From the very beginnings, FNS has kept detailed records ofits if
patients, and these have been of great value in measuring the I
progress of rural health care. Early in FNS history, the Metro-  
politan Life Insurance Company began studies to evaluate FNS’ l A
first ten thousand maternity cases. Subsequent evaluations were
interrupted after World War II, but FNS has continued to keep the  ii
records. The subject has now been revived, and discussions have  
been held with the Harvard School of Public Health in the hope  l
that these important studies can be resumed. The records are at  ,
hand, and surely they have a worthwhile story to tell. 5 

  QUARTERLY Buusmrrsr 3
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  Every now and then, and especially at Christmas time, we feel urged to look
E back into our past. Christmas in 1983 is not quite the same in rural Kentucky as
l it was in 1928, and the cabin in the picture above is probably not the same one
  that Edith Matthams wrote about in the story that follows, which is reprinted
Q from the Autumn 1933 issue of the FNS Quarterly Bulletin. Still, we find it
  comforting to renew our awareness of our roots, and to reflect on what has
  grown from them. Clearly, children and Christmas and caring were very
¤ important to Edith Matthams, as they are to us. To look back 55 years and
i rediscover what we always knew — that the values most important to us now
I were firmly in place all those years ago — warms us again as we go into
‘ another Christmas season.
  A hollow offa fork of Big Double Creek. A log cabin oftwo rooms,
  the logs hewn with a broadaxe. Outside the cabin — a dark night,
i zero weather, frozen creeks. I had been two hours riding the five
  and a half miles. Inside the cabin — an open log fire lit up the
 ` walls, covered with newspapers for warmth and cleanliness.
There was no light but the fire, except for the lantern I brought
· with me.

 4 Faowrima NURSING Smnvics
The baby came safely, soon after I arrived, a lusty December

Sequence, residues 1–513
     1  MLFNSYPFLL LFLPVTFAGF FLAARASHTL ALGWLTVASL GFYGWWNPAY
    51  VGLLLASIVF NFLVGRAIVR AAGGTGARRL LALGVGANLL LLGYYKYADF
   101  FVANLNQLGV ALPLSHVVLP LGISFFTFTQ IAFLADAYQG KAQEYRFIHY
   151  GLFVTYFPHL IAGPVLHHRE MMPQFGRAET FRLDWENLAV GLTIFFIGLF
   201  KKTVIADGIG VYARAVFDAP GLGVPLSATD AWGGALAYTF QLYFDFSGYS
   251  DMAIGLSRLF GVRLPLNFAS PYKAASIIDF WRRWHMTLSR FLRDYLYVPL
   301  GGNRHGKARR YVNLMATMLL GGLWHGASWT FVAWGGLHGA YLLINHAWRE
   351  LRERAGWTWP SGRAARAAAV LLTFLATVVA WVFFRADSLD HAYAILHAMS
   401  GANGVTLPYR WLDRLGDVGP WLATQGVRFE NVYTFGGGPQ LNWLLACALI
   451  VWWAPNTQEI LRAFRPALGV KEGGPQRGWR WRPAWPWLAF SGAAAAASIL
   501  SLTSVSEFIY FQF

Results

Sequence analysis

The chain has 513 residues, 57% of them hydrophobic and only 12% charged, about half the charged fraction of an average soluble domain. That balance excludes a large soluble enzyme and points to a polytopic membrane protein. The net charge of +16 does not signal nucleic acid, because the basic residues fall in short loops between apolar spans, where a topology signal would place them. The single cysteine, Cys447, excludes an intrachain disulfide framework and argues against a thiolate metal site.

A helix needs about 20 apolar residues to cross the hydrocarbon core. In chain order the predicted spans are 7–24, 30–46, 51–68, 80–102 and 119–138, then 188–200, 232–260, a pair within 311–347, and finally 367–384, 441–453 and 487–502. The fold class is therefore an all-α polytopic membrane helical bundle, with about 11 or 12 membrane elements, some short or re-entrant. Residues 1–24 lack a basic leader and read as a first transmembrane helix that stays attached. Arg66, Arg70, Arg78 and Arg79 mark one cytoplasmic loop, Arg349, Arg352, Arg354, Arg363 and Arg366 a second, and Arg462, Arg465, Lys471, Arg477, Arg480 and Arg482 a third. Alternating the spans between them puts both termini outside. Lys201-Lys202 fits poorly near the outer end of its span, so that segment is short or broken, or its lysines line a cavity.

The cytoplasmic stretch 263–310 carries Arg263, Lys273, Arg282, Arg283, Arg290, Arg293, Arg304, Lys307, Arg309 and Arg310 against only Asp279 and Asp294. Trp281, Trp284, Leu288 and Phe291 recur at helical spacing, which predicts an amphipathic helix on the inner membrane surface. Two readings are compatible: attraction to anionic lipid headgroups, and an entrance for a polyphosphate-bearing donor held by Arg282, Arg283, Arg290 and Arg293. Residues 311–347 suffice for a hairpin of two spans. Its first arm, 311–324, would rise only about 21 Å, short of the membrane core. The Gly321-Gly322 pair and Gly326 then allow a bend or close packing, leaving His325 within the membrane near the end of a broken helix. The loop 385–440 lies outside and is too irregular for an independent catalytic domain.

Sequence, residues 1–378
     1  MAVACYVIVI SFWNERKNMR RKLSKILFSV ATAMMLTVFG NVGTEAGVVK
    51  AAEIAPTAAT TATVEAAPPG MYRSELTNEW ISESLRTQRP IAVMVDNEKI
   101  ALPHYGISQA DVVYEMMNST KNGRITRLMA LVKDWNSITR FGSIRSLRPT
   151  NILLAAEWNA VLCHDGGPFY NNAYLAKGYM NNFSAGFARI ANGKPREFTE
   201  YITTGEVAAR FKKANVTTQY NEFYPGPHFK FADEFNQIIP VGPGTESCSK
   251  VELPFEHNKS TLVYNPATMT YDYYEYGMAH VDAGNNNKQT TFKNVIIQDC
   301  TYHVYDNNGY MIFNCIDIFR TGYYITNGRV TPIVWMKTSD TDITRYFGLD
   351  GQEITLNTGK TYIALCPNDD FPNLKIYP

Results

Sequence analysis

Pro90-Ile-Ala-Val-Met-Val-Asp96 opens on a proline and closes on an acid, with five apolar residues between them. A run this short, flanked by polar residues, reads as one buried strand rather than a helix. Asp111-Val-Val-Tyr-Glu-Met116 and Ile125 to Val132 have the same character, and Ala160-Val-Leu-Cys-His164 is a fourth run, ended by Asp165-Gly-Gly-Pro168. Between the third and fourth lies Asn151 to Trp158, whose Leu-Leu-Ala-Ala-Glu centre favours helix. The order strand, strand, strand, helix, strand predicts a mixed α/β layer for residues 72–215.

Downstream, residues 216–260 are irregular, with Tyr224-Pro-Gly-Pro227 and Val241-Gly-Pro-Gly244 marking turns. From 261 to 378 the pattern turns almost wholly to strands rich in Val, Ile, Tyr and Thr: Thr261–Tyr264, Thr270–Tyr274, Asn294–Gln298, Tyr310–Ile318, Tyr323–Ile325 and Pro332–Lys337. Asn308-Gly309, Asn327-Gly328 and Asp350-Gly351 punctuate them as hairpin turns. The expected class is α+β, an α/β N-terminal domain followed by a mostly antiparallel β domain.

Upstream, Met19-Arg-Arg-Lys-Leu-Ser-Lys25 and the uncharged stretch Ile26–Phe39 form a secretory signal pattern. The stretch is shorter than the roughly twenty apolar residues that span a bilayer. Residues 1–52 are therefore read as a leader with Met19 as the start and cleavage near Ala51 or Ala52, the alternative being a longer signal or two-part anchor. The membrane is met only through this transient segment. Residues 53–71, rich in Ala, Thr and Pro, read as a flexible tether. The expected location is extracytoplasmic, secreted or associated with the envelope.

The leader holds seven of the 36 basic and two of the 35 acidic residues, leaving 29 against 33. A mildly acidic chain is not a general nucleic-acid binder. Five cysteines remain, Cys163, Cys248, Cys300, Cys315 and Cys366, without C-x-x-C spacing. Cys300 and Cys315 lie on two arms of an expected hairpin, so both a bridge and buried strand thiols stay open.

baby. The mother had been made comfortable, and now the four »
older children clustered around me to watch baby’s bath. We got
as close to the fire as we could. So much wind whistled through the i
chinking that my nail brush actually froze solid in the little pan in l
which I had scrubbed up. On each side ofthe fireplace stood glass (
jars of canned fruit, close enough to keep from freezing. The  
j family had killed a pig a few days before and it was in process of  
salting. From "tother house," namely the other room, came the f`
odor of fried ham, which the father was cooking for our breakfast. ·
The mother lay quietly resting on her bed. She had been a good
provider. There was the canned fruit, there were the strings and
strings of dried beans, the pig, the cow. The wind of the rude
winter might steal through the chinks of the cabin, but hunger
wouldn’t overtake her little flock. Nor would cold. The four
children were all dressed in linsey woolsey, woven by her patient
hands from the wool off their own sheep. As I "dressed" the new
baby I drew the children into conversation. Soon Christmas _
would be here. What did Christmas mean to them? Only a name. S
Had anyone ever received a toy at Christmas? No one ever had.
None had ever had a store toy of any kind at any time. Not one of
them had ever been to a store. The nearest cross-roads store was
miles away from them — over two steep mountains. The mail
order catalogues were a sort of dream, never realized, just
pictures. ’
The children clustered closer about me while I explained to
them that people gave gifts at Christmas, and why they gave
them. Then I described at length the Christmas tree in all its _
glory, and said that we would have one at the Clara Ford nursing i
center down on Red Bird, and that they were invited. Their bright l V
eyes showed ever brighter as they listened to what I know now i
must have sounded like a fairy tale to them. Q,
After all, they didn’t see the tree. With the mother in bed and  
the father doing the cooking and child-caring, and with no mule, i
they could not be brought to the party. But I carried their gifts to
them myselfon Christmas Eve, and what wonderful gifts! When I